"Tell your children of it, and let your children tell their children, and their children another generation." Joel 1:3

Thursday, March 1, 2012

Dear Bess: Love Letters from the President
Bess Truman's Ozark Pudding and Mac & Cheese


HEIRLOOM RECIPES are those handed down from generation to generation.  My mother and grandmother gave me Bess Truman's  recipe for Ozark Pudding. 

I have a connection to President Truman's family - even though I didn't know Harry and Bess personally.  My family lived in Liberty, Missouri, about 10 miles from the Truman home in Independence.  One of  President Truman's cousins, Mrs. D, lived at my Granny Lucille's home for the elderly.  She was a spunky woman - who once inside her room at my grandmother's beautiful three-story home - locked her door, and refused to take her coat and scarf off.  

Granny didn't force her.  I worked at my grandmother's house on weekends and summers to earn money for college.  She offered me the challenge  to get food to Mrs. D  by climbing out on the roof and knocking on her widow.  It worked!  It took only two weeks of my special roof-top deliveries before Mrs. D unlocked her door and allowed me in her room through her door.  We made friends that summer, and it was difficult for Mrs. D and I to say goodbye when I went to the University of Missouri in the fall of 1967. 

One of our neighbors in Liberty, was one of the nurses who cared for President Truman at the end of his life in December 1972.   We always thought that President Truman actually died on Christmas Day, December 25, 1972, but it wasn't announced until December 26th.

Fifty years of handwritten personal letters between President Harry S. Truman and his wife, Bess, are featured in The Truman Library's online exhibition.   It includes scans of original letters that show the personal loving relationship between Harry and Bess, and the President's efforts to use his wife as a sounding board for the issues of state.

Click on the link below to view a scanned image for each page of the letters:

On June 28, 1919, Truman married Bess Wallace, whom he had known since childhood.

Harry S. Truman and Bess Wallace Truman
Wedding Day: June 28, 1919


"President Truman's favorite dessert.  It's a wonderful dessert that really comes out as a cake, not a pudding. Keep warm during dinner and serve with ice cream."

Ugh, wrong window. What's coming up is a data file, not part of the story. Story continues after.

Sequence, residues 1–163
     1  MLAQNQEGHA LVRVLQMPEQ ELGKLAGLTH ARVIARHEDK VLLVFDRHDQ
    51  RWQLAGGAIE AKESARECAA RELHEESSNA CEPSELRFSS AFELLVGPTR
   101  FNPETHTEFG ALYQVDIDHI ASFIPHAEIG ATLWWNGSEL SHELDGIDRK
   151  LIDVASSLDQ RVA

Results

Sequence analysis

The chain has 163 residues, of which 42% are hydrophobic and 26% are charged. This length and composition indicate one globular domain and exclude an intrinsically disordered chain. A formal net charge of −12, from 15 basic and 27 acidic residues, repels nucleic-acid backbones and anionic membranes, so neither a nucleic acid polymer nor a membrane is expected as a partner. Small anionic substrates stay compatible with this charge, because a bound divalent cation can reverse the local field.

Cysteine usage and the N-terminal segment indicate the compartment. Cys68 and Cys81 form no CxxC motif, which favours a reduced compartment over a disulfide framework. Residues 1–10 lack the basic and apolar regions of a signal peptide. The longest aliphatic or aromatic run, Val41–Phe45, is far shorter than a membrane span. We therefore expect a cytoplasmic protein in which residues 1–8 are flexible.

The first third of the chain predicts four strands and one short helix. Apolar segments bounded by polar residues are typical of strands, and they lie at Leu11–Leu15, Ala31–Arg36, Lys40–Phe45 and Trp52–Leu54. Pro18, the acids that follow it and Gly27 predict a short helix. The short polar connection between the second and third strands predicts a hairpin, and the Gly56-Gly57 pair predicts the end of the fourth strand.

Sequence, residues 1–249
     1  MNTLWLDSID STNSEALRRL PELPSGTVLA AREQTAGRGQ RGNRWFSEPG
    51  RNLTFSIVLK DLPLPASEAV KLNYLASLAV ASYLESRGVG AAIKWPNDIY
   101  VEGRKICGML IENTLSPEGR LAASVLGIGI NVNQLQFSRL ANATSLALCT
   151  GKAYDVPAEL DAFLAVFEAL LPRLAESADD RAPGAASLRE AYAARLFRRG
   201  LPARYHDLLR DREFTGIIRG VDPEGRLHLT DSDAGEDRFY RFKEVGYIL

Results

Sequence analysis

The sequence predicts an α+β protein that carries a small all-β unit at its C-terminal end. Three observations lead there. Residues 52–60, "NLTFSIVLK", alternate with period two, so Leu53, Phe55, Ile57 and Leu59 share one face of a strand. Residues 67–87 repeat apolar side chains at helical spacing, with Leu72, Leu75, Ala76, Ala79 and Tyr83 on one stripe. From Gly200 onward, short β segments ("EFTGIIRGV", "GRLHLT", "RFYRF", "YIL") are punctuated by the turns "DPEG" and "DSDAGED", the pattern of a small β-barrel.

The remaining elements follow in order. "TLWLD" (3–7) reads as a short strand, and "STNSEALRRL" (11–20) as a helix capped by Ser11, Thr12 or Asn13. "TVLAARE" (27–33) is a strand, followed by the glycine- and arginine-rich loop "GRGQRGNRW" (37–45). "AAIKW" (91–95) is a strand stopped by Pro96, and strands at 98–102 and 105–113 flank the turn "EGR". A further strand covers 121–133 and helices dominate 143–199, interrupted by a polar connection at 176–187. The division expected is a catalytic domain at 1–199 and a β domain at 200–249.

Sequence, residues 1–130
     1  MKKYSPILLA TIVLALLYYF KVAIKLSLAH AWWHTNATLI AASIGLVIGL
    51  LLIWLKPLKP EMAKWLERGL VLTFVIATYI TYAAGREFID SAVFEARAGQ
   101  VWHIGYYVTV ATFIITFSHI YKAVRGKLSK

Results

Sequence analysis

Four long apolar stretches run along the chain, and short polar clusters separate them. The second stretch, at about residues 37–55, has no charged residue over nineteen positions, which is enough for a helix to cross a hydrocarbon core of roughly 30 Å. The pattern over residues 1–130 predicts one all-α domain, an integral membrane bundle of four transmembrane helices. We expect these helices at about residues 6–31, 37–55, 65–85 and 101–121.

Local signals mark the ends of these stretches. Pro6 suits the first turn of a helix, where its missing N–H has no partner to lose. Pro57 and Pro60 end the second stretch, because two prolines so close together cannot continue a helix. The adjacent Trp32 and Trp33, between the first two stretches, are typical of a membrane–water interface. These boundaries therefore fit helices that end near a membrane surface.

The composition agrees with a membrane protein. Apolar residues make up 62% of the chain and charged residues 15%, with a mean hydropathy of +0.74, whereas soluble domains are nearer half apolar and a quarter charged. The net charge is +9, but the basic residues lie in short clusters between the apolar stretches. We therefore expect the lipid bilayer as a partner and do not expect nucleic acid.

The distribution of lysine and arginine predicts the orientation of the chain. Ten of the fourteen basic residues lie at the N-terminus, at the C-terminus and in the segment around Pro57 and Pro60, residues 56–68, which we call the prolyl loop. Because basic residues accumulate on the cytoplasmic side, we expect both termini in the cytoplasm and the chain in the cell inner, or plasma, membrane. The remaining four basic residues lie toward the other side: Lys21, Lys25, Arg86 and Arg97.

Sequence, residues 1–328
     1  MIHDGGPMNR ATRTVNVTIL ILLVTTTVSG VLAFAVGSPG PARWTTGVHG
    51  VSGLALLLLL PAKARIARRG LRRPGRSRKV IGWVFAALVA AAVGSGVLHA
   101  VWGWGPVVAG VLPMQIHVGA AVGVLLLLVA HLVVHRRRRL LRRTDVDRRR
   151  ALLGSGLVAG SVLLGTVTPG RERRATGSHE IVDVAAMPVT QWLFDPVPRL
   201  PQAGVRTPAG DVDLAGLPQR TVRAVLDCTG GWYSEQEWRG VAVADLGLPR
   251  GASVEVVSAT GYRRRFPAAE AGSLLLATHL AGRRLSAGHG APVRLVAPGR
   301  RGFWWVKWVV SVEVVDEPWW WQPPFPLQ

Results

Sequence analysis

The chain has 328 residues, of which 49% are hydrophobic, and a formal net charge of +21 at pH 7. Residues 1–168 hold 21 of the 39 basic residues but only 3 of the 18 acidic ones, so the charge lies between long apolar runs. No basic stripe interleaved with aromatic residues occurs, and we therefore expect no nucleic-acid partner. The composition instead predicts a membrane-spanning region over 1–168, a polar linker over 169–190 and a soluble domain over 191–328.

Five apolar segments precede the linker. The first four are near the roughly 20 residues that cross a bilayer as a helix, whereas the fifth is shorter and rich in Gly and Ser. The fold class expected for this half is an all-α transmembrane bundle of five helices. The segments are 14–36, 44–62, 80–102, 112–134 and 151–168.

1 Egg
¾ cup Sugar
2 Tablespoons Flour
1-1/2 Teaspoon Baking Powder 1/2-Teaspoon Salt
½ Cup Chopped Apples
½ Cup Chopped Nuts
1-Teaspoon Vanilla


  1.  BEAT egg well ADD sugar and BEAT until light and creamy.
  2. SIFT together flour, baking powder and salt, and ADD to egg mixture.  BLEND WELL.
  3. STIR in apples and nuts and vanilla.
  4. POUR into greased and floured small casserole or pie tin.
  5. BAKE at 325 degrees for 30 - 35 minutes.

It will be puffed up when done, but will fall and be sweet and chewy.
SERVE with whipped cream or a scoop of vanilla ice cream.
Serves 4-6

HEIRLOOM RECIPE:  Bess Truman's Mac & Cheese

Bess Truman's Handwritten Recipe

Bess Truman's Mac & Cheese
8 oz. Mac.
½ # grated cheddar cheese
2 cups milk
1 egg
¼ cup oleo
Cook mac. Drain & cool. Place
layer of mac. in baking
dish. then add layer of cheese
Repeat layers.
Combine milk & egg &
Pour over mac. & cheese-
Dot [with] butter.
This can be done day before & refrigerate.
Harry S Truman National Historic Site, HSTR 8962-2
Unfortunately,  Mrs. Truman's recipe stops with no baking temperatures or times.
You’ll want to bake it slowly so the cheese melts, but doesn’t burn.   Try 325 degrees in a pyrex loaf pan for about 45-50 minutes.  Let it stand about ten minutes to solidify a bit before serving.
President Harry S. Truman

33rd President of the United States

In July 1944, Truman was nominated to run for Vice President with President Franklin D. Roosevelt. On January 20, 1945, he took the vice-presidential oath, and after President Roosevelt's unexpected death only eighty-two days later on April 12, 1945, he was sworn in as the nations' thirty-third President.  The Truman administration went considerably beyond the New Deal in the area of civil rights. Although, the conservative Congress thwarted Truman's desire to achieve significant civil rights legislation, he was able to use his powers as President to achieve some important changes. He issued executive orders desegregating the armed forces and forbidding racial discrimination in Federal employment. He also established a Committee on Civil Rights and encouraged the Justice Department to argue before the Supreme Court on behalf of plaintiffs fighting against segregation.

In 1948, Truman won reelection. His defeat had been widely expected and often predicted, but Truman's energy in undertaking his campaign and his willingness to confront issues won a plurality of the electorate for him. His famous "Whistlestop" campaign tour through the country has passed into political folklore, as has the photograph of the beaming Truman holding up the newspaper whose headline proclaimed, "Dewey Defeats Truman."

Truman left the presidency and retired to Independence, Missouri, in January 1953. For the nearly two decades of his life remaining to him, he delighted in being "Mr. Citizen," as he called himself in a book of memoirs. He spent his days reading, writing, lecturing and taking long brisk walks. He took particular satisfaction in founding and supporting his Library, which made his papers available to scholars, and which opened its doors to everyone who wished to have a glimpse of his remarkable life and career.

Harry S. Truman died on December 26, 1972. Bess Truman died on October 18, 1982. They are buried side by side in the Truman Library's courtyard.

Click on Links for More Information:
Biographical Sketch
33rd President of the United States
1948 Election
Thanks for stopping by!  Come back and bring a friend!

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